summary of education unit

summary of all the topics in the education unit (social policy not included)

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SUMMARY OF THE EDUCATION UNIT
FUNCTIONALIST PERSPECTIVES:
- Functionalists see education as transmitting society's norms and values. For example
through respecting and following rules and standards of the school the child learns to respect
the rules and standards of the wider society. Parts of society work together for the benefit of
society as a whole.
Passes on the key norms, values and culture to the younger generations.
This is done through the hidden curriculum and the curriculum for example
Citizenship, General studies and PSHE.
This gives people a value consensus.
- The main function of education is the transmission of society's norms and values in three
mains areas: (DURKHIEM)
1. Social Solidarity - For example the teaching of history provides social continuity.
2. Social Rules - At school we learn to co-operate with strangers and to be
self-disciplined.
3. Division of labour - Education teaches individual skills necessary for future
occupations. This is a most important function in advanced industrial society with its
complex division of labour.
PARSONS
- Education is like a bridge between the Family and wider society - preparing us
for our adult roles in society.
- The family is the primary agent of socialisation - in the family we are judged on
particularistic terms - because we gain ascribed status from the Family. That is to
say we are judged in terms of our status as brother, sister, daughter, son etc...
- Education is the main secondary agent of socialisation.
- In advanced industrial society we are judged in terms of achieved status and
universalistic values.
- At school our conduct is measured against the universal school rules and our
status is achieved through examination.
- Schools operate on meritocratic principles - everyone is treated in the same
way and that everyone has the same chances to succeed.
- it also teaches them to value ACHEVIED STATUS rather than that ASCRIBED by the family.
(achieved= status earned through performance or ability, and ascribed= assigned on the basis
of biological or family characteristics)
- Durkheim believed schools were a `society in miniature' that prepares students for adult
society.
Criticisms

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Ignores inequalities in power.
Rather than passing on society' s values it is claimed that it is the
dominant/ruling class' ideologies/values that are passed on.
Feminists argue that it is patriarchal values that are passed on.
There are many elite jobs where ascribed status characteristics have an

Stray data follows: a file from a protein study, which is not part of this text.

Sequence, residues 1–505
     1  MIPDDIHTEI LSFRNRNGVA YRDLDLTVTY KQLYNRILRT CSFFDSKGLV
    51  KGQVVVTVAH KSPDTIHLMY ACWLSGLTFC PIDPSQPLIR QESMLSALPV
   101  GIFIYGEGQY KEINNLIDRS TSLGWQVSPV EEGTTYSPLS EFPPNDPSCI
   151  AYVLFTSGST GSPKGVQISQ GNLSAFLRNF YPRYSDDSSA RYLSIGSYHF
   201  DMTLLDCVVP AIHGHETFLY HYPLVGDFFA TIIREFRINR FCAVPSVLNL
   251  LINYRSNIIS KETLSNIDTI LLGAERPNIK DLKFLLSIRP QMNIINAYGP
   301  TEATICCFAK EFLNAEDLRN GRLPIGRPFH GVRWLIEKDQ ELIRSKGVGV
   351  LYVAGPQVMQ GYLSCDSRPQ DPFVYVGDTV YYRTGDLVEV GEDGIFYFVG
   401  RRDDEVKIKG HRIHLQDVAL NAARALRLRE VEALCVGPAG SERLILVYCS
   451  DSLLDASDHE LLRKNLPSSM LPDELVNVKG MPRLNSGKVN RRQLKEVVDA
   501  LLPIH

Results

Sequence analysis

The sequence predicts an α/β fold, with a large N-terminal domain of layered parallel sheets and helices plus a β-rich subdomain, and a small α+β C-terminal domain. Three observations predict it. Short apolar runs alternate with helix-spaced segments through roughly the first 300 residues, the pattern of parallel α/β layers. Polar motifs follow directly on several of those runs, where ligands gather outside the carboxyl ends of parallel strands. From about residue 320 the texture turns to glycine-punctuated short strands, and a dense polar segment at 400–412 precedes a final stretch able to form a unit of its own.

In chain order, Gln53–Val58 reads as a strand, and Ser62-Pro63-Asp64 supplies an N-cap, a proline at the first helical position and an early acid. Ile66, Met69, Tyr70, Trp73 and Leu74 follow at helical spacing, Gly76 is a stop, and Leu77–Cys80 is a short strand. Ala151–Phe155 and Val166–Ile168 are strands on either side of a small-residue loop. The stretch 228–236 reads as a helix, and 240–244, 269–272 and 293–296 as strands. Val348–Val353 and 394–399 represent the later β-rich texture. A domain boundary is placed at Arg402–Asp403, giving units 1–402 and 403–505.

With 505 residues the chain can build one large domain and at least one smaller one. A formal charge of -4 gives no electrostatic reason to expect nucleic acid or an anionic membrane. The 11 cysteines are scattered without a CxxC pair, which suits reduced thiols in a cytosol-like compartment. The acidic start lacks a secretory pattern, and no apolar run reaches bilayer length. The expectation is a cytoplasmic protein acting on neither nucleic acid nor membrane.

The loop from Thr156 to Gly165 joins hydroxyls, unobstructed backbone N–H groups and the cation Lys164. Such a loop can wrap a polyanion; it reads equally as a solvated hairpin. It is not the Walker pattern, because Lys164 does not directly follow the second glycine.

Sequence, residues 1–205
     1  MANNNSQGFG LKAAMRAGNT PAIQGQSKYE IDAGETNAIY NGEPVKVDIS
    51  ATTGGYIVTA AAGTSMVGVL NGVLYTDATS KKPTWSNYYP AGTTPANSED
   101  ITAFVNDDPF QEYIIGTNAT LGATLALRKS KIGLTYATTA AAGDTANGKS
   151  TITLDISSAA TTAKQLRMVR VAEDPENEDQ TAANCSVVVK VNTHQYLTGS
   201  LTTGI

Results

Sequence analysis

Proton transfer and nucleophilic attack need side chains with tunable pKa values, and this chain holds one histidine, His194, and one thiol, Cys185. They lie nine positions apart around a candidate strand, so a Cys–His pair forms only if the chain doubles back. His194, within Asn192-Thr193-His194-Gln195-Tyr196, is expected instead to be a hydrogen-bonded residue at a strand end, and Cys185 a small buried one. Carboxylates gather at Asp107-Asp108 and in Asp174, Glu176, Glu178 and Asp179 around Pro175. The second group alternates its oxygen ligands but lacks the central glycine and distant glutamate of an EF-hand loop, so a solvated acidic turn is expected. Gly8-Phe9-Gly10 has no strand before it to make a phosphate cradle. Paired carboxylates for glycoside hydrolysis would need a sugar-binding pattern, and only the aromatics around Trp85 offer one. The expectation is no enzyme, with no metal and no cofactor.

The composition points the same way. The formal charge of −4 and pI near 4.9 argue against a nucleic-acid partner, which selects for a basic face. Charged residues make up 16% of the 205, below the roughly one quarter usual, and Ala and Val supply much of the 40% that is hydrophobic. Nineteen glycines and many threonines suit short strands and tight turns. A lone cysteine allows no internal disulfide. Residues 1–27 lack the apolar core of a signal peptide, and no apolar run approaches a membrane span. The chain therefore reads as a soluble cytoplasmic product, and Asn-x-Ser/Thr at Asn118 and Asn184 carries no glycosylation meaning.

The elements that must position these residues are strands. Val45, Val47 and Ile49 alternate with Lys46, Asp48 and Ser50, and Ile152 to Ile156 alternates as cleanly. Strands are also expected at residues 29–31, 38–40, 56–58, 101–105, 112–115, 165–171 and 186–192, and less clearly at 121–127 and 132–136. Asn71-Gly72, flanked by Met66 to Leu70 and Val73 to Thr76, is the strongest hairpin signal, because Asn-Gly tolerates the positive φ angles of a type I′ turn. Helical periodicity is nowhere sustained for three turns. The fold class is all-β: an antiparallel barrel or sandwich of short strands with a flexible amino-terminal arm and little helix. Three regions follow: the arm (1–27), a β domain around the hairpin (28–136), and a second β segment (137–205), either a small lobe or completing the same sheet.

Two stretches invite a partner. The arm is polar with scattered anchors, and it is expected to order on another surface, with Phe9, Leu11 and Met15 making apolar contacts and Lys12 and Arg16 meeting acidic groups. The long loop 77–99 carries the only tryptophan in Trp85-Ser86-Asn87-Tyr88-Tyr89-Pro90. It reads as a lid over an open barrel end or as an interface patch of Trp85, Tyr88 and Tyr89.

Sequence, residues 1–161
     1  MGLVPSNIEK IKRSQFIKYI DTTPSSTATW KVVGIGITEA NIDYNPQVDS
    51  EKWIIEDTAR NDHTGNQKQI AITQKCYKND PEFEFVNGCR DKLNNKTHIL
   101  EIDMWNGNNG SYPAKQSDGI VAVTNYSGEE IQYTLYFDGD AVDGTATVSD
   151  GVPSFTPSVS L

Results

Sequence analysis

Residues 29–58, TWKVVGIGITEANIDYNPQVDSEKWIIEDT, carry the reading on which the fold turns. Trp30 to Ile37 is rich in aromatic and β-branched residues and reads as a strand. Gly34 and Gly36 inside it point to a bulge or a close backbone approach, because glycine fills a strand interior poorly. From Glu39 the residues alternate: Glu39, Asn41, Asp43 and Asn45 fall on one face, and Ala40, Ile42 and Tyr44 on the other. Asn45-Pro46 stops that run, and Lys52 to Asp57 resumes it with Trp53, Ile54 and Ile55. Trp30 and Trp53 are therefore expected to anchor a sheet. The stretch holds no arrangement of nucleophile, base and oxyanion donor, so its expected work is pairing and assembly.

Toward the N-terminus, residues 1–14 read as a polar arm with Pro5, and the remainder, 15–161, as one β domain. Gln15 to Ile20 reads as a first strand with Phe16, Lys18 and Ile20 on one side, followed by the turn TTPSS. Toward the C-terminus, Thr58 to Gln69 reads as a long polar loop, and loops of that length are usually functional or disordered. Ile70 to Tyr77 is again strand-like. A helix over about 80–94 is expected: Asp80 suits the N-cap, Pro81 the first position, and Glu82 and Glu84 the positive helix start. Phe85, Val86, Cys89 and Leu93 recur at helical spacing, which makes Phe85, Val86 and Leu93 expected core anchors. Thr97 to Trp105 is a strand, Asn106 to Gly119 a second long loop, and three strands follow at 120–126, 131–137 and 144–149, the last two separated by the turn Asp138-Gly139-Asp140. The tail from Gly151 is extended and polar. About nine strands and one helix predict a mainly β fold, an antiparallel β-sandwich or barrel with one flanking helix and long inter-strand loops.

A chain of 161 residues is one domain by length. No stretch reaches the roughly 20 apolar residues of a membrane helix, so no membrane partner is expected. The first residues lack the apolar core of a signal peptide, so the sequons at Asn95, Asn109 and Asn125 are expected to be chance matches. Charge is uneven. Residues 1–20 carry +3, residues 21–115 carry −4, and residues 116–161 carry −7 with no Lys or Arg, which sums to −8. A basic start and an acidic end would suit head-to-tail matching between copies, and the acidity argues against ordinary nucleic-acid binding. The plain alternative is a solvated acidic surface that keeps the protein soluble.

influence.
History teaching in schools may reflect a white, middle class view ­ this
may discourage social solidarity.…read more

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MARIXIST PERSPECTIVES
Althusser:
In modern societies education has replaced the church as the main agency for
ideological control (getting people to behave in a desired way by convincing them that
it is in their interests to behave in that way).
Also known as Ideological state apparatus (ISA)
Main aim of education is to maintain, legitimate and reproduce class inequalities by
transmitting ruling class/capitalist values
How do schools do this?
1. Transmits an ideology which states that capitalism is just and reasonable.
2.…read more

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Employees have a lack of control at work.
Employees must follow their bosses orders.
Workers are motivated by external rewards such as pay and receive little satisfaction
from day to day work.
Social inequality
Education legitimates social inequality by broadcasting the myth that it offers
everybody an equal chance.
High qualifications = top jobs!
Those that achieve high qualifications deserve their success. High qualifications lead
to top jobs therefore those who are in top jobs deserve to be.…read more

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Gendered roles:
School textbooks tend to present men and women in traditional gender roles. Women =
housewife/mother, male = breadwinner
This was particularly evident in reading schemes from 1960 to 1970
Gender stereotypes:
Reading schemes tend to present traditional gender stereotypes.…read more

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Cultural deprivation
Cultural deprivation theory is the idea that people from poor families fail in education because of
supposed deficiencies in their home and family background. Therefore their families do not
value education or educational achievement.…read more

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Sociologists have noted a complicated and changing relationship between gender and
achievement
- Historically, boys outperform girls- but, over the past three decades, girls have become
higher attainers.
- This rise might be driven by a range of broader social changes- including legal and policy
reforms, changing expectations held by parents and teachers and shifting aspirations of girls
themselves.…read more

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